|US9126003||May 12, 2010||Sep 8, 2015||Masayuki Yamada||Cuff-equipped tube|
|U.S. Classification||604/103.03, 604/96.01, 604/103.06|
|International Classification||A61M29/00, A61M25/04, A61M16/04|
|Cooperative Classification||A61M16/0459, A61M16/0436, A61M16/04, A61M16/0445, A61M25/04|
|European Classification||A61M25/04, A61M16/04|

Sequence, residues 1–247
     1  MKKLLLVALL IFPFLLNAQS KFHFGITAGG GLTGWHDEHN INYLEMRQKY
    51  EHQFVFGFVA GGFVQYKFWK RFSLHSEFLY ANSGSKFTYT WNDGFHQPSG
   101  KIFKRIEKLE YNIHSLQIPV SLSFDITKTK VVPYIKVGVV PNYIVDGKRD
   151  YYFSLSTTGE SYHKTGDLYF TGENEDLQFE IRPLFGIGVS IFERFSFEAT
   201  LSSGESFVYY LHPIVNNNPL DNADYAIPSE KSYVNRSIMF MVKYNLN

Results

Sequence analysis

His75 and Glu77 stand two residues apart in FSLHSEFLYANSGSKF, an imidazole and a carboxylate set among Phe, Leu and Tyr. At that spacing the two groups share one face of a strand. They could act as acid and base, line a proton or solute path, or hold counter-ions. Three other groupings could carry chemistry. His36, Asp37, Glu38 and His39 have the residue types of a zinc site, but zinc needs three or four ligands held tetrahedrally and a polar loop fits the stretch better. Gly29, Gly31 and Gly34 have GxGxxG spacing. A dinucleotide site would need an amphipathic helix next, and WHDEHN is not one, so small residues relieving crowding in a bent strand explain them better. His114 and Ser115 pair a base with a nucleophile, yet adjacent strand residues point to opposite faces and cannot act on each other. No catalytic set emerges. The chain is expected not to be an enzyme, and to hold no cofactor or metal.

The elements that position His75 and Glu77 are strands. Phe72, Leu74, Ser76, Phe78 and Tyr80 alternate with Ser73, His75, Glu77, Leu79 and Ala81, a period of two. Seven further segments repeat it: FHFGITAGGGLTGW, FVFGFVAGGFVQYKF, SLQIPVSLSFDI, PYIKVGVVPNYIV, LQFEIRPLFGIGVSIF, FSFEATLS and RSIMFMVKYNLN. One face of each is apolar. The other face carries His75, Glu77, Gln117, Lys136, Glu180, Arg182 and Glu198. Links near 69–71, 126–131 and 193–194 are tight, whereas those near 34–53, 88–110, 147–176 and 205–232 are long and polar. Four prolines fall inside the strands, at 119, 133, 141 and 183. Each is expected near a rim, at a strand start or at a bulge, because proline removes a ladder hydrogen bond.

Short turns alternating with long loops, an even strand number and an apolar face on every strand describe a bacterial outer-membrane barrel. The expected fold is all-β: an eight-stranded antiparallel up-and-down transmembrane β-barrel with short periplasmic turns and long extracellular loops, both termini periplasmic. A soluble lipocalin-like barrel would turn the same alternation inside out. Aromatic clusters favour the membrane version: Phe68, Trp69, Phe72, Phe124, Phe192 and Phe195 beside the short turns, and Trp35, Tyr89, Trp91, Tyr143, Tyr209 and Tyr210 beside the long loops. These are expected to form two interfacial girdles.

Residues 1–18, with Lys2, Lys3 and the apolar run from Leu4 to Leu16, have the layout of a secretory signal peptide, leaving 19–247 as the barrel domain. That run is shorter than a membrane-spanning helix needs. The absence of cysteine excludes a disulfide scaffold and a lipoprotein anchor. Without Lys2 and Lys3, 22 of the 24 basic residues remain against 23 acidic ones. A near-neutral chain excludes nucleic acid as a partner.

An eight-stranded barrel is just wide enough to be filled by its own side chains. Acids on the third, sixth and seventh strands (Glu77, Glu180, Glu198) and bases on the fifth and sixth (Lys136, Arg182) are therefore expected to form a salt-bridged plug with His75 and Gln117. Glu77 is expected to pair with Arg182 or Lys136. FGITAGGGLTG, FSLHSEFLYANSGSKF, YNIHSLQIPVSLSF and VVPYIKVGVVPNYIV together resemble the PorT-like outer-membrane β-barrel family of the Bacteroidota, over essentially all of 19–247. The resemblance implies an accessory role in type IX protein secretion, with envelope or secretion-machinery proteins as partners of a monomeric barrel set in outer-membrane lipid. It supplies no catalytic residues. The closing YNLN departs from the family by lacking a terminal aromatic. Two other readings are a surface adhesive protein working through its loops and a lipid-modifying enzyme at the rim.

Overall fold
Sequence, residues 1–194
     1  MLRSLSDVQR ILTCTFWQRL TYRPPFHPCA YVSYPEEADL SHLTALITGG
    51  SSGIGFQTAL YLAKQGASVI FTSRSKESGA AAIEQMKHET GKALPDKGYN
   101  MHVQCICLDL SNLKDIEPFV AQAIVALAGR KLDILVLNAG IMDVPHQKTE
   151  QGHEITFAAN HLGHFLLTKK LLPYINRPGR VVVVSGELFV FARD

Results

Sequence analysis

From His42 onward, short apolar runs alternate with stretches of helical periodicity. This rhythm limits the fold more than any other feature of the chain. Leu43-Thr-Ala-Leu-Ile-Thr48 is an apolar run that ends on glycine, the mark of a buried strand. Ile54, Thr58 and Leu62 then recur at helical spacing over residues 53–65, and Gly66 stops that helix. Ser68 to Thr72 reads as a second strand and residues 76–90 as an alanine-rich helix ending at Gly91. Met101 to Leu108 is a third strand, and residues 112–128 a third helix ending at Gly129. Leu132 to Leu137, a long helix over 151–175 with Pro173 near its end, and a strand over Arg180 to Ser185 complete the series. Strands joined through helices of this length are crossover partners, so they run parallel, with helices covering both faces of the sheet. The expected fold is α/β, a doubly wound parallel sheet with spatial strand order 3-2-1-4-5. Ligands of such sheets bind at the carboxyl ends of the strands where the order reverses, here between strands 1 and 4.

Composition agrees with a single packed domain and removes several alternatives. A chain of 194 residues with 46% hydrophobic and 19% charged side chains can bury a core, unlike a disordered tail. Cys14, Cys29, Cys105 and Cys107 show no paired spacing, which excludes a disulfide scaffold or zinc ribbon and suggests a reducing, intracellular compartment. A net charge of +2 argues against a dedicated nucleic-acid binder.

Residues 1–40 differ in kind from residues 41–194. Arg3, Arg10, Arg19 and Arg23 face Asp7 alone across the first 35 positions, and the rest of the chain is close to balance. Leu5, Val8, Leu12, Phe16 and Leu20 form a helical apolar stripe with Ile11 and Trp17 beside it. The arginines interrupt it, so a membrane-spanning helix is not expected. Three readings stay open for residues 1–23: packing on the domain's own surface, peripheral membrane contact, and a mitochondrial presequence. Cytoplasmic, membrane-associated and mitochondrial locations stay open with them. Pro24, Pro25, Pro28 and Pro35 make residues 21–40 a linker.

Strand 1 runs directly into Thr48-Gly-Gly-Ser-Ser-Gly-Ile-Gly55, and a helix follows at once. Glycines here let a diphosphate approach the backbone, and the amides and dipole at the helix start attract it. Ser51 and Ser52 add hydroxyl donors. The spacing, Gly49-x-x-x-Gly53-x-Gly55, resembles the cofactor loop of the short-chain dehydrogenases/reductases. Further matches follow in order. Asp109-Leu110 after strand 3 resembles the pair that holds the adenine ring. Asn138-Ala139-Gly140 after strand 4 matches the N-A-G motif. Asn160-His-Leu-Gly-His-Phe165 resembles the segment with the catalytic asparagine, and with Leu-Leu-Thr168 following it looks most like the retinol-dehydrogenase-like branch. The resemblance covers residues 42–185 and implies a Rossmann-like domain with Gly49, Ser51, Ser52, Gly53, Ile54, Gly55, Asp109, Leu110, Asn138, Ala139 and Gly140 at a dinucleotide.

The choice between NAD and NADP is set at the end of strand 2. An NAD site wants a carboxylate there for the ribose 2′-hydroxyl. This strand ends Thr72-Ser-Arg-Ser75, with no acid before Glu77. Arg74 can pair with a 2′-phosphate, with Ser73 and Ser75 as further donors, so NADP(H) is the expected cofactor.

|May 13, 2009||AS||Assignment|
Owner name: ALORO MEDICAL AB, SWEDEN
Free format text: ASSIGNMENT OF ASSIGNORS INTEREST;ASSIGNOR:SILFVERCREUTZ, BJORN;REEL/FRAME:022668/0779
Effective date: 20090112
Owner name: SILFVERCREUTZ, BJORN, SWEDEN
Free format text: CHANGE OF NAME;ASSIGNOR:FLODIN, BJORN;REEL/FRAME:022668/0740
Effective date: 20090112
|Oct 6, 2010||FPAY||Fee payment|
Year of fee payment: 4
|Dec 5, 2014||REMI||Maintenance fee reminder mailed|
|Apr 24, 2015||LAPS||Lapse for failure to pay maintenance fees|
|Jun 16, 2015||FP||Expired due to failure to pay maintenance fee|
Effective date: 20150424